Astrid Feringa

artistic researcher, filmmaker and educator based in-between Arnhem (NL) and Reykjavik (IS)

CRISIS (2020—2022)

CRISIS is a short documentary by Astrid Feringa and Lindsay Stegenga, about the impact of Lindsay her hospitalisation in a Dutch mental healthcare facility. The film takes you along (a selection from) the clinical reports, kept on Lindsay during her time there. These fragments, interspersed by personal memories from before the hospitalisation, question themes such as framing through diagnosis, institutional power-dynamics, (self-)stigmatisation and inaccessibility of specified treatment, to ultimately reflect on the broader functioning of the mental healthcare system in the Netherlands.

For more infomation, see: or contact:

Supported by GoShort International Short Film Festival, Omroep Gelderland, CineCrowd and Angst Dwang en Fobie Stichting

What they destroy, we will build again (2019)

What they destroy, we will build again is a video installation and research that uses the recreated Arch of Palmyra as a case-study to excavate landscapes of power, and to talk about neo-colonial appropriation of heritage in an age of digital reconstruction and contemporary iconoclasm.

In May 2015, IS militants occupied the ancient Syrian excavation site of Palmyra and demolished most of its structures, including the triumphal arch. As “an act of defiance” against this cultural censorship, the British Institute for Digital Archaeology replicated the demolished arch; on 19th April 2016, the life-size scale reconstruction was erected at Trafalgar Square, London, and has since travelled to several cities across the globe.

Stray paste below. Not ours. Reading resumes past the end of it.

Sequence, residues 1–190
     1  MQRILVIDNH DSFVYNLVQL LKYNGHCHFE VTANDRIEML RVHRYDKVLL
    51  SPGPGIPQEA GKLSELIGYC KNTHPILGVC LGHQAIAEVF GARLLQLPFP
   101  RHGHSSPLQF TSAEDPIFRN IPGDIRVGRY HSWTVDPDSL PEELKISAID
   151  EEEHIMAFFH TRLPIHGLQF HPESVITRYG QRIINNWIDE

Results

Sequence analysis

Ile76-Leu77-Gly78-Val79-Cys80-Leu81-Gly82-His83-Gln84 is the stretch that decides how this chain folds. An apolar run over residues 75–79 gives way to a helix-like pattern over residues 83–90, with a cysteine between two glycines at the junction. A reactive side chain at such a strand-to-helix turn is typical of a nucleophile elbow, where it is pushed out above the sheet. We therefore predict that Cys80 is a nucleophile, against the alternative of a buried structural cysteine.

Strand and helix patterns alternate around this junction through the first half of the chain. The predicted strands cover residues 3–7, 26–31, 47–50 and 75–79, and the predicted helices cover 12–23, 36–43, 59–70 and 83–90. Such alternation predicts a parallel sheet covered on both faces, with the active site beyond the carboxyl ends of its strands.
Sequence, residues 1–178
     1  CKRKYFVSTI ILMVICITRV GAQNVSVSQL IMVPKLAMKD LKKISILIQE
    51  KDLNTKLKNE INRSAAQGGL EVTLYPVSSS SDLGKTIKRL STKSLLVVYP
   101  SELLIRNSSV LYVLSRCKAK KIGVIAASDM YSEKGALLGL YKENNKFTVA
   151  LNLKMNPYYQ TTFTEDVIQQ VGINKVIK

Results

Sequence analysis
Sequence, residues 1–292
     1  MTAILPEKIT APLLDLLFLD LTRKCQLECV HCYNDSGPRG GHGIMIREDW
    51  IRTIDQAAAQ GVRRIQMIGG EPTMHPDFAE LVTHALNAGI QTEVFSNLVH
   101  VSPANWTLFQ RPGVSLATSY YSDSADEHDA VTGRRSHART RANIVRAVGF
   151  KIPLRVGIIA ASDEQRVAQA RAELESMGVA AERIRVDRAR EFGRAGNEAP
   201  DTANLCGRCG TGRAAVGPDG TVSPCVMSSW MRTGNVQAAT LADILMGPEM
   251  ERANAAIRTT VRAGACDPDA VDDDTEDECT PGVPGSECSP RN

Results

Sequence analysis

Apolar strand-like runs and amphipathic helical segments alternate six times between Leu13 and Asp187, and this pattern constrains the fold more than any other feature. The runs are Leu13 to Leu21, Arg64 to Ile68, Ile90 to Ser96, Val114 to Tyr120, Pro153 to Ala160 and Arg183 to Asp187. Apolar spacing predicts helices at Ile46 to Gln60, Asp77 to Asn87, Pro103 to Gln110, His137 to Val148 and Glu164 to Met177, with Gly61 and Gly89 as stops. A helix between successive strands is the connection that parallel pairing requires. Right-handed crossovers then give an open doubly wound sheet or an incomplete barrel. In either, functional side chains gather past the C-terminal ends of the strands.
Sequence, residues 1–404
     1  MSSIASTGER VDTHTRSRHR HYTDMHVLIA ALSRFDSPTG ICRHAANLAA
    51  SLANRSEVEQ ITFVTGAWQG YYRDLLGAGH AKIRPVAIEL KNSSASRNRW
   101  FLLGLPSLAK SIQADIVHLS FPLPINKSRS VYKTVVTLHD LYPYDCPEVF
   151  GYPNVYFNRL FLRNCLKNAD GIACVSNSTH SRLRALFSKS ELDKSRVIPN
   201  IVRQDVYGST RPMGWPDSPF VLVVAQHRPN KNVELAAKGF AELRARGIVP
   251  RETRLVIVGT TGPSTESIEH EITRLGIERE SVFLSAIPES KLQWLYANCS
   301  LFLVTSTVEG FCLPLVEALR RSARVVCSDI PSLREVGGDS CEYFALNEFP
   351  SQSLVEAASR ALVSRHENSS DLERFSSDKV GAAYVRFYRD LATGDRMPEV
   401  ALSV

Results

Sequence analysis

In his speech during the unveiling ceremony, (then-) London mayor Boris Johnson said: “What they destroy, we will build again”, with these words posing a powerful and binary narrative that presents construction as the opposite of deconstruction; inexhaustible, idealistic construction as the solution to inexhaustible, idealistic deconstruction.

But does recreating, placing and unveiling a monument not create a landscape of power, just as much as iconoclastic destruction is creating a [non] landscape of power; both in physicality as in narrative?

Part of: KABK Lectorate “Design and the Deep Future” — part of: MIT Docubase Open Documentary Lab — Mentioned in: Voices of VR Podcast by Kent Bye — Part of: IDFA 2019 Doclab “Domesticating Reality” Spotlight selection — Screened during: ‘A Slippery Slope’ exhibition in Garage Rotterdam — “Monumental Fluxus” exhibition for Young Art Weekend, Expoplu Gallery Nijmegen.

Platform warfare: digital architecture of occupation (2019—ongoing)

Making the analogy with the terrestrial world, where architecture is known to be employed as tool for establishing power, Platform Warfare: Digital Architecture of Occupation is a thesis that poses the digital platform as the architecture of cyberspace: a new virtual landscape, that too is subject to and based on different power structures and concepts of territory.